In contrast MySpace was considered a leader in the social networking revolution (Cellan-Jones: 2011). The creators of MySpace were the same creators that helped develop Friendster in the early stages, they are known as eUniverse. MySpace was originally exclusively available for the Los Angles party community. The creators were interested in music and parties, following a similar business model as “The Well”. eUniverse were able to recognise patterns and trends that were popular with Friendster.
MySpace then allowed a feature where users could create their own backgrounds, this fundamentally slowed down the speed of the server, affecting the “visual” factor. Newscorp brought MySpace for $580 million in 2005 (Halliday: 2012), however due to rapid developments on the Internet, the technology MySpace had was outdated. Newscorp spent time and money having to re-build it several times. Indicating factors related to the sites “flexibility” and its “stability”.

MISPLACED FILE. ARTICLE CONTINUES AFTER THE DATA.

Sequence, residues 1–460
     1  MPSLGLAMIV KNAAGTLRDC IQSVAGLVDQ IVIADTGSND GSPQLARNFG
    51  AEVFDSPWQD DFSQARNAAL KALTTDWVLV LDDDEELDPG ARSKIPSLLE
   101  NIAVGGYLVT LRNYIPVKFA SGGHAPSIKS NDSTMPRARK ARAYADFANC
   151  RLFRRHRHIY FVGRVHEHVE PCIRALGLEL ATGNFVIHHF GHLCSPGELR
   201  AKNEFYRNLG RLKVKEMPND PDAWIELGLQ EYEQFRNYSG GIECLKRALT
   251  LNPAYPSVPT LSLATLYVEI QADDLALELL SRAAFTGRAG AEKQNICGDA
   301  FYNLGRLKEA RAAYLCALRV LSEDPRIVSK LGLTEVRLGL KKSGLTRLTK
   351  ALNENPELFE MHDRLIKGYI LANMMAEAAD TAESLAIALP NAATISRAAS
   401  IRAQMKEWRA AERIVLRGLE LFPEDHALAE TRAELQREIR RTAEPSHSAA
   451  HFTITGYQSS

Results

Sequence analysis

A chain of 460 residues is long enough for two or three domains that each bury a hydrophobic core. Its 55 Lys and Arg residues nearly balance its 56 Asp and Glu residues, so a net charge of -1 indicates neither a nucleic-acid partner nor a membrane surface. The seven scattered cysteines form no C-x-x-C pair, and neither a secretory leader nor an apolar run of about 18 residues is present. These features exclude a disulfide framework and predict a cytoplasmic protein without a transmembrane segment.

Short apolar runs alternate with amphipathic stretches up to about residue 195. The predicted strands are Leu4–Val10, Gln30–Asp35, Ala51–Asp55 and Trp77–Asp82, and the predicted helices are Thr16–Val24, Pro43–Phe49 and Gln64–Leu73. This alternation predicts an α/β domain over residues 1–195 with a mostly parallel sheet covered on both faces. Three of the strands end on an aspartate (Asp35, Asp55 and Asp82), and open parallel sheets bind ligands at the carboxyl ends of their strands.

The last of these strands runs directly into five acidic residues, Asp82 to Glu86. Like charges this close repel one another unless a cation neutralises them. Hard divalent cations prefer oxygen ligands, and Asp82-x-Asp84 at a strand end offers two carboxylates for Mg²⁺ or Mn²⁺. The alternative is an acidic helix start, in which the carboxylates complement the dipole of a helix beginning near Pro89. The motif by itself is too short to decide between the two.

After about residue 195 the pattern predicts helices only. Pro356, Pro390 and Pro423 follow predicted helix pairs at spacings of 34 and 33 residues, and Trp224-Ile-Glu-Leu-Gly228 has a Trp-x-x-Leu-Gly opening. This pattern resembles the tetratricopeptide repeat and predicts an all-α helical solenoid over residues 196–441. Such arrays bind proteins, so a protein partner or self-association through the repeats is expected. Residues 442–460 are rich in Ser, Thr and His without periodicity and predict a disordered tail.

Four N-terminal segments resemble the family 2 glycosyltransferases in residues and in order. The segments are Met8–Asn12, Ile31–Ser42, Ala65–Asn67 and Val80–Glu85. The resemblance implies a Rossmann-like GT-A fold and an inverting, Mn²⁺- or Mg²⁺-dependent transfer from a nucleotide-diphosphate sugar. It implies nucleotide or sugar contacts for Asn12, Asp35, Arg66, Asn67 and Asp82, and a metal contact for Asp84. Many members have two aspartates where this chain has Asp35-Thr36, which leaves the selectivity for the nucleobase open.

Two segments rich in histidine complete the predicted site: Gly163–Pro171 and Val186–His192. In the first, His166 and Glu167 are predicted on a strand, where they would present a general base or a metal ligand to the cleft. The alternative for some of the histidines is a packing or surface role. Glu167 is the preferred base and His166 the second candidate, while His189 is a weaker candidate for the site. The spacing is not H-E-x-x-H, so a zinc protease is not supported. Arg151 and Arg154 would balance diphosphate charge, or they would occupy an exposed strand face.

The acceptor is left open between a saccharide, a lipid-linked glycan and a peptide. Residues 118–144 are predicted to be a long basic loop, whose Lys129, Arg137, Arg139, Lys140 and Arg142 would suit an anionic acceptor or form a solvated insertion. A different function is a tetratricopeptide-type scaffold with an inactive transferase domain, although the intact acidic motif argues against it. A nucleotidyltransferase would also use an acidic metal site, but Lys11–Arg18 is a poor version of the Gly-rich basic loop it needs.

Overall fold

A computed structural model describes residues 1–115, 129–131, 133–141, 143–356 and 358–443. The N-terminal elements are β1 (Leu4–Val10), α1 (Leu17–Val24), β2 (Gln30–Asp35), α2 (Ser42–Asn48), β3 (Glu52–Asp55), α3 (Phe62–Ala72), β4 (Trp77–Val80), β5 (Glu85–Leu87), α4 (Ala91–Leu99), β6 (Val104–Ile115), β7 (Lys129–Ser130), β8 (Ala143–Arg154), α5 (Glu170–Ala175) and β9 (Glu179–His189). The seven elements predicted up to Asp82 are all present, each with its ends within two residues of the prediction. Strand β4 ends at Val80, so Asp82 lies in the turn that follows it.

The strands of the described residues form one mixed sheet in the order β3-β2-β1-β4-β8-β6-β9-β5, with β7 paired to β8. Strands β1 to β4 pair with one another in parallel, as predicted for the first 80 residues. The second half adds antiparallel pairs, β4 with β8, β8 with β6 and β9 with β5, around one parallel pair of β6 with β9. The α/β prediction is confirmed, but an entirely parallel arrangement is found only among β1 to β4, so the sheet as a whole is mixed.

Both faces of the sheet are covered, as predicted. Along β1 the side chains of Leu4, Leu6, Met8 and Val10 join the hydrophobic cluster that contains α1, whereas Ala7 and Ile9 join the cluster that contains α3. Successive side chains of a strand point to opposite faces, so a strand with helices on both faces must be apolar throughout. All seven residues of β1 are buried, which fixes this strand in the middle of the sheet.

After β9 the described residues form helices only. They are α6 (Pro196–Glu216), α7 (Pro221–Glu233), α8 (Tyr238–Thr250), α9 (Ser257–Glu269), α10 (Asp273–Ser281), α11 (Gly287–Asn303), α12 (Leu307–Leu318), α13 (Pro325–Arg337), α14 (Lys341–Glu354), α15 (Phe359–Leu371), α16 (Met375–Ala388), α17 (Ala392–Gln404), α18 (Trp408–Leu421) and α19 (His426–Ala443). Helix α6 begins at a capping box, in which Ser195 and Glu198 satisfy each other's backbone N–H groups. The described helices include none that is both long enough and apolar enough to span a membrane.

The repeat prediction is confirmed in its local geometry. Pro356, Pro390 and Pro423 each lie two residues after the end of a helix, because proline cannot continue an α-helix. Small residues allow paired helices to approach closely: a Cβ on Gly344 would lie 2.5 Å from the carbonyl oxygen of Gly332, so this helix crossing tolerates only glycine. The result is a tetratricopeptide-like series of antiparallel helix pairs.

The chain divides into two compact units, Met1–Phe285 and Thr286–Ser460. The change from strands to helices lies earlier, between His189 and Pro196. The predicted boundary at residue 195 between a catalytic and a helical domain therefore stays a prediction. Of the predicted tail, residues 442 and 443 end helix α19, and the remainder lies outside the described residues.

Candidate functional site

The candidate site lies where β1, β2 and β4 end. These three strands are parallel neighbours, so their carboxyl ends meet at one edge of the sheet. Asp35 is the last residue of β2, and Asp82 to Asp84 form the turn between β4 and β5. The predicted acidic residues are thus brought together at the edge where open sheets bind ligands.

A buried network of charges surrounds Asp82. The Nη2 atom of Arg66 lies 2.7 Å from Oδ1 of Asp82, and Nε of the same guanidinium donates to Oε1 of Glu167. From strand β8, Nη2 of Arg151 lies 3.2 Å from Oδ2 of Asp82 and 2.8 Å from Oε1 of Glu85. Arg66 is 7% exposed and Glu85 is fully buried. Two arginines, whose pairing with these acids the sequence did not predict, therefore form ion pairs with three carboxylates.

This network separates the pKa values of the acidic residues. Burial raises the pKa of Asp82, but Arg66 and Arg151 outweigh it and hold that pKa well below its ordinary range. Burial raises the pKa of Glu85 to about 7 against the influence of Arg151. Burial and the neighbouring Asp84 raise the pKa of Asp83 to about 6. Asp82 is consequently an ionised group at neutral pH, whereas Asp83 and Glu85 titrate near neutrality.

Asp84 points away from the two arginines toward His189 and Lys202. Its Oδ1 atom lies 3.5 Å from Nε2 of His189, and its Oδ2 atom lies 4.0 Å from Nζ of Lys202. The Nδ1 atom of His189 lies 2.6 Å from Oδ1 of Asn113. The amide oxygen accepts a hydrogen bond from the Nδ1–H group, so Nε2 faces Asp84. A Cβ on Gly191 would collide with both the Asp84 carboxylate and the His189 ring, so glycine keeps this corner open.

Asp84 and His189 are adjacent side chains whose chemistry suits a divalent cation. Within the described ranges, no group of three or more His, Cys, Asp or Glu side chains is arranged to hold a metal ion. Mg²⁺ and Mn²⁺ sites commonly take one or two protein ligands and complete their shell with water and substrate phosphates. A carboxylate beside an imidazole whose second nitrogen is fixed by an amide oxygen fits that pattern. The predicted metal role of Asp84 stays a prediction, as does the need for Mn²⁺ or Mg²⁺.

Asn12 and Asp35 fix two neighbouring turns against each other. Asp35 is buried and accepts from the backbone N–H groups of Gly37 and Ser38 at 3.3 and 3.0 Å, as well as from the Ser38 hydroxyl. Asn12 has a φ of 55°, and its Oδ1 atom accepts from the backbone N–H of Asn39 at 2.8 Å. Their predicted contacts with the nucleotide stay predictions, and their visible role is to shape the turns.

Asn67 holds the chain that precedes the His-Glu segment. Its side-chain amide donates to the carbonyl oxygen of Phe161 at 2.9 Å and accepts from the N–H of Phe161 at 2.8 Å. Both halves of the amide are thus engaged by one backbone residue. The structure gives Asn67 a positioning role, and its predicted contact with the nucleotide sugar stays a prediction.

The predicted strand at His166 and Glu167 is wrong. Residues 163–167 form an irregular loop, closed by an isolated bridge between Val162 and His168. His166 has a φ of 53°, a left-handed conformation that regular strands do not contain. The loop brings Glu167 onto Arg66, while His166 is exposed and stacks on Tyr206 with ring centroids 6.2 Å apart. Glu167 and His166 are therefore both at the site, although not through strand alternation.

This continual rebuilding and users expressing individuality on their own personal profile page, put strain on the server, as it was not prepared for such demands. Thus equating to slowed web browsing experience and therefore affecting user satisfaction. In 2011 NewsCorp sold MySpace for reported $35 million (Fixmer: 2011) to Specific Media & Justin Timberlake (music entertainer), Newscorp will still maintain a 5% share with the company. To date it has established ties with Twitter and Facebook, and ensured itself as one of the largest free music website on the Internet (Halliday: 2012).